Dona Nelson – New Paintings (Works)
Dona Nelson – New Paintings Press Release
Thomas Erben is very excited to present the gallery’s fourth solo exhibition of American painter Dona Nelson (b. 1947, Grand Island, Nebraska). New Paintings follows Nelson’s widely discussed contribution to the 2014 Whitney Biennial as well as her concurrent, critically acclaimed show Phigor, which led to the acquisition of her work by the Museum of Fine Arts, Boston; Rose Museum, Brandeis University; Museum of New South Wales, Sydney; and the Kadist Foundation. While Phigor clarified the significance of the double-sidedness of Nelsons paintings – a material and conceptual interdependence between two surfaces – this show further explores the basic approach behind her work.
An essential tenet of Dona Nelson’s artistic process is labor, in the most fundamental sense of that word. Her practice is built on the work of each painting, with the artist’s hand clearly evident in the final result. Nothing is hidden, as every step taken leaves its trace, gestures accumulating into a complex whole. Countering a current value system focused on final product and assigned price, Nelson’s paintings instead derive their charge from the time and effort invested in their creation. Their intrinsic value lies in the process itself, as each piece becomes a testament to its own coming into being. The labor of making the painting is the painting.
Nelson begins each new piece without any preconceived notion of a final result, applying paint or acrylic-soaked cheesecloth onto the canvas and following where the outcome takes her – staining, pouring, washing, tearing off. Actions taken on one side may be obvious on the other, or leave only subtle traces, sometimes overridden but never completely erased. Take Ribbed Red for example, where raised ridges channel and splay the saturated red, yellow and blue of fluid acrylic across one side of the painting, creating an unpredictable abstract image. The other side is a crisp stained field, a rich organic pattern that, while shaped by the same vertical acrylic ridges on the front, forms a very different kind of painting space. The procedure is one of doing, seeing, reacting and doing again. Every subsequent action depends on previous ones, resulting in a complex layering where an earlier decision may dramatically affect later possibilities. This method requires a confidence gained through a lifetime of experience, of not knowing beforehand what will come next but trusting in the process – or just as important, the confidence to let go, founded in a healthy lack of respect for the end result.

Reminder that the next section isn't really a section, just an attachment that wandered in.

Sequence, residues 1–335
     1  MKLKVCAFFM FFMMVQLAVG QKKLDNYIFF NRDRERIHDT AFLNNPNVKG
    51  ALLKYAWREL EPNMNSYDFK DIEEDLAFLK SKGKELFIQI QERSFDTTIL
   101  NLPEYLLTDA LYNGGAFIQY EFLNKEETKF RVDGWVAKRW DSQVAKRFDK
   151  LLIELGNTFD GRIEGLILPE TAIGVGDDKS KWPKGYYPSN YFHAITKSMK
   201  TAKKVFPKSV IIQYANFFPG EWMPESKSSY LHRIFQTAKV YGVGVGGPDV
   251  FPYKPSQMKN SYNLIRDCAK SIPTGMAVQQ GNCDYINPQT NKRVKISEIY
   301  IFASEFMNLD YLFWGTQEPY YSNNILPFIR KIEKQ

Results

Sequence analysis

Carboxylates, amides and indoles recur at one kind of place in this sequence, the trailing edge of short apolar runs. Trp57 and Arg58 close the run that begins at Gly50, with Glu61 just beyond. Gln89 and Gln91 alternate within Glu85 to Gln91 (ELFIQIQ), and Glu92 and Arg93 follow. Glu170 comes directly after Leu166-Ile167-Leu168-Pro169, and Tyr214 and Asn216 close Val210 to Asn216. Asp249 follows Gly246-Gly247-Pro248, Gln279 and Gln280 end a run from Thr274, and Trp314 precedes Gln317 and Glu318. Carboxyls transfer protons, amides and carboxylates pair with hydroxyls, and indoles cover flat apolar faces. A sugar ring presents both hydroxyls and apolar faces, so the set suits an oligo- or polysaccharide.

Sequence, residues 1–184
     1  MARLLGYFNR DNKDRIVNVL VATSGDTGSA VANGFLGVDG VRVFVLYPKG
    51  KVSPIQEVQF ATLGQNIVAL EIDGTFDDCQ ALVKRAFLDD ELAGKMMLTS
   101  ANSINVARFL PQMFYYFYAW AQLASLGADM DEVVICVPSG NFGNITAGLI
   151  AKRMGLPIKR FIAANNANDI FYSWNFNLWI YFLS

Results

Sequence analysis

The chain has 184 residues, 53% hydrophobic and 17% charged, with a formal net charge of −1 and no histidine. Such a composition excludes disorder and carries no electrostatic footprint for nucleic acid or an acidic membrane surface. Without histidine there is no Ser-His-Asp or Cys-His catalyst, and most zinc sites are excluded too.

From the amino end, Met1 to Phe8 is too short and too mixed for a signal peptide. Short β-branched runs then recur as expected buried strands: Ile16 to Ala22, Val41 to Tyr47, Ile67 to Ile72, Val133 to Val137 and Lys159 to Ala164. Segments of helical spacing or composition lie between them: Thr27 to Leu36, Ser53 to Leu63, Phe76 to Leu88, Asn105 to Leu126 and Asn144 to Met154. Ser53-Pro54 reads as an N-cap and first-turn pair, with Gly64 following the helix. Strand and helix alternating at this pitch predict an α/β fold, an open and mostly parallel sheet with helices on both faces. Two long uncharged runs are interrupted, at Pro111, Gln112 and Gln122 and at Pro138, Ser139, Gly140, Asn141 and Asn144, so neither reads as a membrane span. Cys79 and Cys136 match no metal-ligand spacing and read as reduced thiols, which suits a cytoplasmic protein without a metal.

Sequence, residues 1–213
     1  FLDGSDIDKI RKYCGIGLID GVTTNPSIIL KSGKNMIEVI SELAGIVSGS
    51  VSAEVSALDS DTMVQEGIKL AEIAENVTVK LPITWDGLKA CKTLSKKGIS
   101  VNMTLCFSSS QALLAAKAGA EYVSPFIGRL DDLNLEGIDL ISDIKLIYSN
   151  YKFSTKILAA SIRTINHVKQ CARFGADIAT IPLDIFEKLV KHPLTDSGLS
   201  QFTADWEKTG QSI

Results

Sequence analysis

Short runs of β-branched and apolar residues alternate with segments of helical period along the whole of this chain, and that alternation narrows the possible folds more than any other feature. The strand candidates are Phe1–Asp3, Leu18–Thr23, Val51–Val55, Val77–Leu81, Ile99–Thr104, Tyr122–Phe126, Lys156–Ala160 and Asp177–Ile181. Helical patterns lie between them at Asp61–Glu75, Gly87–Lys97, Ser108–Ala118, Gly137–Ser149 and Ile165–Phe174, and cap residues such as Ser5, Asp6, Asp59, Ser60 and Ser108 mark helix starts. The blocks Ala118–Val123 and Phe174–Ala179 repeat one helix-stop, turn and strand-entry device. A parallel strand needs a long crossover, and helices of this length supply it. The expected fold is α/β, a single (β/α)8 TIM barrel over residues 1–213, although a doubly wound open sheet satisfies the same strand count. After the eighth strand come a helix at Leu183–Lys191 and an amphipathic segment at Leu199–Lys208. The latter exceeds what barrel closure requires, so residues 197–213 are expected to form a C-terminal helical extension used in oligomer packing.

Dona Nelson moved to New York City in 1967 to participate in the Whitney Independent Study Program. She received her BFA from Ohio State University in 1968. Over the years, she has had numerous, widely reviewed solo shows, at galleries such as Rosa Esman, Michael Klein and Cheim & Read (all New York); including a mid-career exhibition at the Weatherspoon Art Gallery (Greensboro, North Carolina). More recently, she was included in survey shows at Harris Lieberman, D’Amelio Terras, Mary Boone, Robert Miller, and Boston University Art Gallery. Her work has also appeared at institutions such as the Contemporary Arts Museum Houston, New York University’s 80WSE, Bard College, Apexart, the Milwaukee Art Museum, and the Aldrich Museum, and is included in the collections of the Metropolitan Museum of Art, the Guggenheim Museum, and the Pennsylvania Academy of Fine Arts – among others. In 2013, Nelson received the Artists’ Legacy Foundation Award, she was a 2011 Foundation for Contemporary Arts grant recipient, and received a Guggenheim Fellowship in 1994. Her work will be included in Feed the Meter at Galerie Bernard Ceysson, Luxembourg.